A Quantum measurement operators with Poisson distribution

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1. Dec 20, 2017

Danny Boy

The following is a somewhat mathematical question, but I am interested in using the idea to define a set of quantum measurement operators defined as described in the answer to this post.

Question:
The Poisson Distribution $Pr(M|\lambda)$ is given by $$Pr(M|\lambda) = \frac{e^{-\lambda}\lambda^M}{M!}~~~~M = 0,1,2...$$ with mean $\lambda$. In addition, the distribution has the property that $$\int_{0}^{\infty} Pr(M|\lambda) d \lambda = 1~~~~~~~~~~~~~~(*)$$ as is proved in the post. I am interested in adapting this Poisson Distribution so that it can include an additional parameter (say $\mu$) which determines the width of the distribution (much like the variance does for the normal distribution. Does anyone have any ideas of how this can be achieved while still maintaining that property $(*)$ holds?

Note I want to specifically work with the poisson distribution rather than the normal distribution due to how the shape of the poisson distribution at zero.

Thanks for your time and let me know if you have any queries.

2. Dec 20, 2017

Mentz114

It can't be done. If you add another parameter it is not a Poisson distribution. You need a 2-param function lke a beta function that starts at 0 and can be shaped by the parameters. There are some plots in this document

3. Dec 21, 2017

Danny Boy

Thanks for your response. I have previously defined a set of quantum measurement operators by $$A_C = \sum _M \sqrt{Pr(M|C)} |M \rangle \langle M|~~~~~~~~~~~(*)$$ where $Pr(M|C)$ is the Poisson distribution $$Pr(M|C) = \frac{e^{-C}C^M}{M!}~~~~M = 0,1,2...$$ with mean $C$ and $|M \rangle$ are eigenstates of some observable and where there are finite members of $\{ |M \rangle \}_M$. In order to be a suitable Kraus measurement operators I need the set of operators to satisfy the *completeness condition* $$\int_{C}A_C^{\dagger}A_C dC = I.$$

This is satisfied if I use the Poisson Distribution since $$\int_0^\infty \mathrm{Pr}(M|C) \: \mathrm dC = \int_0^\infty \frac{e^{-C}C^M}{M!} \mathrm dC =1,$$

The problem is that I want more control of the shape of the probability $Pr(M|C)$, which is not allowed when using the standard Poisson Distribution. The Beta function as you proposed does allow freedom to manipulate the shape of the distribution but I am having difficulty seeing how we can define $A_C$ in the way above $(*)$ so that the completeness condition is satisified. Is it at all clear to you how this can be done in some way?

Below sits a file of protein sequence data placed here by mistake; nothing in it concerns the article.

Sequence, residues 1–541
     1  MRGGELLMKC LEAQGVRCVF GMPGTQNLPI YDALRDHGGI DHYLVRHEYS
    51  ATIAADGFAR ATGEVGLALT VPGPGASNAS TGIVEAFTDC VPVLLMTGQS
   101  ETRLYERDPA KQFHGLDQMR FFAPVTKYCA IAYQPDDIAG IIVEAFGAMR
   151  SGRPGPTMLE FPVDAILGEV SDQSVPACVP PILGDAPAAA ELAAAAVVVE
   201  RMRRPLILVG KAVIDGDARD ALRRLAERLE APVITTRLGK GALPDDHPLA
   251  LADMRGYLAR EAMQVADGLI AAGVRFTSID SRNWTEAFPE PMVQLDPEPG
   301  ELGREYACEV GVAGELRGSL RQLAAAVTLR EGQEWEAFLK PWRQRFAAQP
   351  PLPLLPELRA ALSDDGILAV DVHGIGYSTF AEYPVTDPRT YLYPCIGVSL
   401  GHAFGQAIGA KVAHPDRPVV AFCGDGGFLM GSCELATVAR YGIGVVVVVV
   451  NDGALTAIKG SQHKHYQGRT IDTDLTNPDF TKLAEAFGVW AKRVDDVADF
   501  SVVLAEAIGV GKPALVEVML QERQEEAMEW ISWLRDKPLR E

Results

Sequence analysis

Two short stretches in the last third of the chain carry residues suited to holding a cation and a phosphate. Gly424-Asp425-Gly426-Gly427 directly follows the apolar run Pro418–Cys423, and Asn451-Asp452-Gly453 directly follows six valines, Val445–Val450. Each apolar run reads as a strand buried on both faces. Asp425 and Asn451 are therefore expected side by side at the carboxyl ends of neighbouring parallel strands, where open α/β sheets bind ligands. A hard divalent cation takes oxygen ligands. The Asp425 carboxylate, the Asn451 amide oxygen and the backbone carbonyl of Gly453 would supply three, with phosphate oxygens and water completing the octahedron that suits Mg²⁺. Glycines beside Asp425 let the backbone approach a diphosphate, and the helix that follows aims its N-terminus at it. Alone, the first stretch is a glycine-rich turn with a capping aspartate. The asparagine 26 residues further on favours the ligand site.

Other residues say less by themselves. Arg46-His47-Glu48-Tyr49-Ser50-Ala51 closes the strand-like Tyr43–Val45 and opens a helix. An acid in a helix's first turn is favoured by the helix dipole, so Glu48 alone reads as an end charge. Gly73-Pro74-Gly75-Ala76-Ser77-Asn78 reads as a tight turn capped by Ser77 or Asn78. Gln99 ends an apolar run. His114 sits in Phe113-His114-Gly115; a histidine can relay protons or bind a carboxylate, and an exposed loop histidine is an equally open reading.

4. Dec 21, 2017

Mentz114

If you want discrete outcomes then one could divide the x-range into intervals $i_n$ and write $P(x\in i_n) =B \int_n^{n+1}\beta(x;a,b)dx$ from which your *completeness condition* follows if $B^{-1}=\int_{-\infty}^{\infty}\beta(x;a,b)dx$

5. Jan 19, 2018

Danny Boy

Thanks for your response but I'm not really following your reasoning as to how you would define the measurement operators $A_C = \sum_{m}\sqrt{Pr(M|C)}|M \rangle \langle M|$ using the Beta functions. In my scheme above using the Poisson distribution, I used the mean $C$ as the index for the measurement operators $\{A_C\}_C$ and then used the fact that $\int_{0}^{\infty}Pr(M|C)dC = 1$ to show that the *completenes relation* $\int A_{C}A_{C}^{\dagger}dC = I$ is satisfied.. Explicitly how are you proposing to define measurement operators with the Beta function?

6. Jan 20, 2018

Danny Boy

@Mentz114
Is the idea you are referring to something like this:
Define $$A_{C} := \sum_{x}\sqrt{\text{Pr} (x|n)}|x \rangle \langle x |$$ where \text{Pr}(x|n) := \begin{align} \begin{cases}\text{Pr}(x \in i_n) = \frac{\int_{n}^{n+1}\beta(x: \alpha, \beta)}{\int_{0}^{\infty}\beta(x:\alpha, \beta)}~~~~~~\text{if }x \in i_n\\ 0~~~~~~~~~~~~~~~~~~~~~~~~~~~~~~~~~~~~~~~~~~~~\text{if } x \notin i_n \end{cases} \end{align}

Hence $\sum_n A_n^{\dagger}A_n = \sum_{x}\bigg[\sum_n \text{Pr(x|n)} \bigg]|x \rangle \langle x | = I$

7. Jan 20, 2018

Mentz114

I don't know. I don't understand what you've written. I would write
$$\text{Pr}(i=n) = \frac{\int_{x_n}^{x_{n+1}}dx\beta(x: \alpha, \beta)}{\int_{0}^{\infty}dx\beta(x:\alpha, \beta)}$$
where the $x_n$ are the boundaries of your your discrete regions. $i$ is a discrete random variable that depends on $x$ and the $x_n$. It can betailored to suit.